Those who follow the Howard County Council can expect discussion of a proposed stormwater fee to take up much of the council's time over the next month. But that doesn't mean council members will be prepared to vote on the proposal by the end of March.
"I can guarantee you we're not going to rush it," Council member Courtney Watson said. "If it takes until May, it takes until May."
The council voted unanimously March 4 to table proposed legislation to create a stormwater fee. The next time they can vote on the matter is March 28.
With a light agenda this month, the stormwater fee legislation is expected to be the focus.
But by delaying action on the bill again at the March 28 legislative session, the council could create a busy few months for themselves. The county executive's fiscal 2014 budget is expected in April followed by the comprehensive rezoning process.
Council member Calvin Ball said the council needs to further research the credit program involved with the fee, while ensuring that property owners are charged an appropriate amount given the county's requirements to meet federal and state regulations.
Ball said he didn't know if the council would be ready to approve the fee by its next legislative session.
"I think it's important to address all of these issues and we need to work collaboratively to address them as efficiently as possible," he said.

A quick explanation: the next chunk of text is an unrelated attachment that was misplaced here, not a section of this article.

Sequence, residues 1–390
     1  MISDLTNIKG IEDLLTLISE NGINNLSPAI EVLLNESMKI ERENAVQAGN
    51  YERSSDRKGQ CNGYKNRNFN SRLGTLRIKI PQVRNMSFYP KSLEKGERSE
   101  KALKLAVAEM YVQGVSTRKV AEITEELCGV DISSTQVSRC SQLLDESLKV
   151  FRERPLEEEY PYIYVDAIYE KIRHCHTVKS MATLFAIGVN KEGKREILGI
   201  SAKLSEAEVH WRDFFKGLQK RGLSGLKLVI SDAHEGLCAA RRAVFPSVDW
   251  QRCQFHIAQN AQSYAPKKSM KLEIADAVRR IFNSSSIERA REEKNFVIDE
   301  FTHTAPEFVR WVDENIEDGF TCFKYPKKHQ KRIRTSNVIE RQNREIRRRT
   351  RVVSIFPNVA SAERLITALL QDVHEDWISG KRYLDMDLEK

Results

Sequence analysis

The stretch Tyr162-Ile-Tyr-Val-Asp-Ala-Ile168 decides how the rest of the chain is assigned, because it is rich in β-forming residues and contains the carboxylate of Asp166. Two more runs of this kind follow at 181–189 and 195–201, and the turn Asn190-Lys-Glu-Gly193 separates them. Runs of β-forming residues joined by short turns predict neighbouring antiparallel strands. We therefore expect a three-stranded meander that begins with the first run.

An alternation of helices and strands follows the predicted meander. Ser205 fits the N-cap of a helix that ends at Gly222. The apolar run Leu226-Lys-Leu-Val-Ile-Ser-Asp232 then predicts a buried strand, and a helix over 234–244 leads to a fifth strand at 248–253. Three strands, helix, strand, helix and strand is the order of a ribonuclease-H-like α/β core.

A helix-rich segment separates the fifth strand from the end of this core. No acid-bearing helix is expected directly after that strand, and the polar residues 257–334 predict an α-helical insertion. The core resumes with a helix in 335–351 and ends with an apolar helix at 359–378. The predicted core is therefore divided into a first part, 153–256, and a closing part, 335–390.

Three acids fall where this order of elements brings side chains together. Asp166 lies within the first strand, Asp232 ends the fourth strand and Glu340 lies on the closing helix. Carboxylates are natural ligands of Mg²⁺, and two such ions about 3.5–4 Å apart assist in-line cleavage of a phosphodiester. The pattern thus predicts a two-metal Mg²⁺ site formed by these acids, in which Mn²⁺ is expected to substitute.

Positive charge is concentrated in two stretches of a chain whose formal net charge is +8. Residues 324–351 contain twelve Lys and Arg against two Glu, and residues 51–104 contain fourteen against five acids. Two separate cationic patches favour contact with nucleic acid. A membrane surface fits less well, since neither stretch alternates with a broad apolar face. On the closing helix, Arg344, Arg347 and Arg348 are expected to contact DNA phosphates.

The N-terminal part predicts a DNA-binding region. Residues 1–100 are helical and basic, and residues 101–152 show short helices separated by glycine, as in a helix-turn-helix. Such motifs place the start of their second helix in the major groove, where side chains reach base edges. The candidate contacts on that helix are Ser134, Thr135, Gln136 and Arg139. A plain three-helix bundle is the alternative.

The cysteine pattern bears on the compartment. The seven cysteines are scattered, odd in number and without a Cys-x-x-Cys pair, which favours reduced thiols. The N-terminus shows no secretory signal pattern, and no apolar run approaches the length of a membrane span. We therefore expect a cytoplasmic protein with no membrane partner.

The state's Watershed Protection and Restoration Program signed into law last year requires counties to collect fees to pay for stormwater management as well as stream and wetland restoration projects. The projects are aimed at improving water quality and reducing phosphorous and nitrogen entering the Chesapeake Bay.
All property owners, except state and local governments and volunteer fire companies, will be required to pay the fee, which will be a separate item on property tax bills starting in 2014.
Despite predominantly positive testimony from the public on the county's proposed stormwater fee, council members have said they would like more time to ensure it is fairly implemented.
Watson said she also is interested in making sure the county minimizes the administrative cost in implementing the fee.
"We're really just at the beginning of this discussion," she said.
Council member Greg Fox said he has multiple concerns with the proposed stormwater fee structure, including if the county is meeting requirements of the state law and if the fee is being implemented as efficiently as possible.
He said he was "unsure" if the council would be ready to vote by the end of this month.
Regarding agriculture preservation legislation approved March 4, Fox said an amendment he proposed could come back to the council this month.
At the March 4 council legislative session, Fox proposed an amendment to an agriculture preservation bill that would have established a similar development rights purchasing program that was requested for the Department of Planning and Zoning.
The department had asked the council to establish a purchasing system that would create a revolving funding source for the agriculture preservation program by allowing the county to sell purchased development rights.
But the council unanimously approved an amendment eliminating that option.
While the council was unwilling to act on Fox's amendment, proposed during the legislative session, Fox said after he believes the purchasing program proposal will "come back in some form," submitted either by himself or by the administration.Copyright © 2014, The Baltimore Sun